Australian flag carrier Qantas put 1,000 fully stocked bar carts up for sale this week and people were so keen to own a classic piece of airline memorabilia that the whole lot sold out in less than two hours. The carts, which were jammed full of wine, champagne and even Tim Tams, came from Qantas’ now-retired fleet of Boeing 747’s which were retired back in July.
Selling for A$974 the pre-used carts that show “signs of wear and tear” didn’t come cheap but still didn’t take long to be snapped up. The retired carts would normally be scrapped and the wine and other goodies were surplus stock meant for use on long-haul international flights that have otherwise been grounded because of the COVID-19 pandemic.
“These pre-loved carts served Qantas and our customers well during their world travels from London and Los Angeles to Singapore and Santiago, with each one averaging around 2,000 flights,” commented Qantas executive manager of product and service, Phil Capps.
“While we no longer have use for them, they still have life in them, especially for those with an appreciation for aviation collectables and an eye for design,” Capps continued.
The “pre-loved” bar carts came complete with:
- 40 mini bottles of white wine and 40 mini bottles of red wine
- 1 bottle of Champagne from the Business class cellar
- 2 Qantas Business Class amenity kits
- 1 Sheridan First Class throw
- 2 Qantas Business Class sleeper suits
Also included were Tim Tam biscuits, a large pack of First Class almonds, and a sleeve of savoury biscuits.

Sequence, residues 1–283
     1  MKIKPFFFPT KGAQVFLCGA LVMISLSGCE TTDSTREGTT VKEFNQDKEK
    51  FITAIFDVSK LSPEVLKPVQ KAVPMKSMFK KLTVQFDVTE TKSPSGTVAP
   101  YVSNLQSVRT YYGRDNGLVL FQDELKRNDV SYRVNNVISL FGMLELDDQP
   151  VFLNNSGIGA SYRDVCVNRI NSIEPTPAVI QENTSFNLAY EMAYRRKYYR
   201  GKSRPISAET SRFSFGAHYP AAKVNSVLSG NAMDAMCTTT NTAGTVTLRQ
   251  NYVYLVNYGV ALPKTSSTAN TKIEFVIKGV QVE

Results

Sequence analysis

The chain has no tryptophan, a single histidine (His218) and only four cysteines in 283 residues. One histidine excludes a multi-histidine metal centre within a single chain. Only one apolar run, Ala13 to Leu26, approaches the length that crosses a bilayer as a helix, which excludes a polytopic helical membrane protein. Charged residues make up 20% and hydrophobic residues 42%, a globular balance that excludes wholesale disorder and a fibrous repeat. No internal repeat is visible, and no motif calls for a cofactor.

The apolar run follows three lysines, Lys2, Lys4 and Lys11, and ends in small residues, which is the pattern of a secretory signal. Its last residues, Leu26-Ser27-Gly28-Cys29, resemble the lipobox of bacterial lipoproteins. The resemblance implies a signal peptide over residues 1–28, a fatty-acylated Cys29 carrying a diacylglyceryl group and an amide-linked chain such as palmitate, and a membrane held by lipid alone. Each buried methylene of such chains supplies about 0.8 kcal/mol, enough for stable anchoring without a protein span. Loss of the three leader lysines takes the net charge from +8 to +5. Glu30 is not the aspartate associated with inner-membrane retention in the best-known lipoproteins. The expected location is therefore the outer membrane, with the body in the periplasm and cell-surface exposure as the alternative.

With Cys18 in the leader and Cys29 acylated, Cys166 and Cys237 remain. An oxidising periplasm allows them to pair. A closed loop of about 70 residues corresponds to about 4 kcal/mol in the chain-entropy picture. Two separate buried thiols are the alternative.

This unusual offer from Qantas is the latest money-making idea from the airline while ticket sales remain severely disrupted. In August, Qantas sold a ‘care pack’ containing Business Class pyjamas, Tim Tam biscuits and tea bags for just A$25. The sale was designed to empty the Qantas warehouse of surplus stock and came just after Melbourne was put under lockdown.
Qantas has also sold a sightseeing ‘flight to nowhere’ which proved so popular all the available tickets were snapped up in just 10-minutes. Operated by a Boeing 787 Dreamliner, ticket prices ranged from A$3,787 in Business Class to just A$787 in Economy.
Set to depart Sydney on October 10, the seven-hour scenic flight will include low-level flybys across Queensland, the Northern Territory and New South Wales including the Great Barrier Reef, Uluru, Kata Tjuta, Byron Bay and Sydney Harbour before landing right back where it started.
Mateusz Maszczynski honed his skills as an international flight attendant at the most prominent airline in the Middle East and has been flying throughout the COVID-19 pandemic for a well-known European airline. Matt is passionate about the aviation industry and has become an expert in passenger experience and human-centric stories. Always keeping an ear close to the ground, Matt's industry insights, analysis and news coverage is frequently relied upon by some of the biggest names in journalism.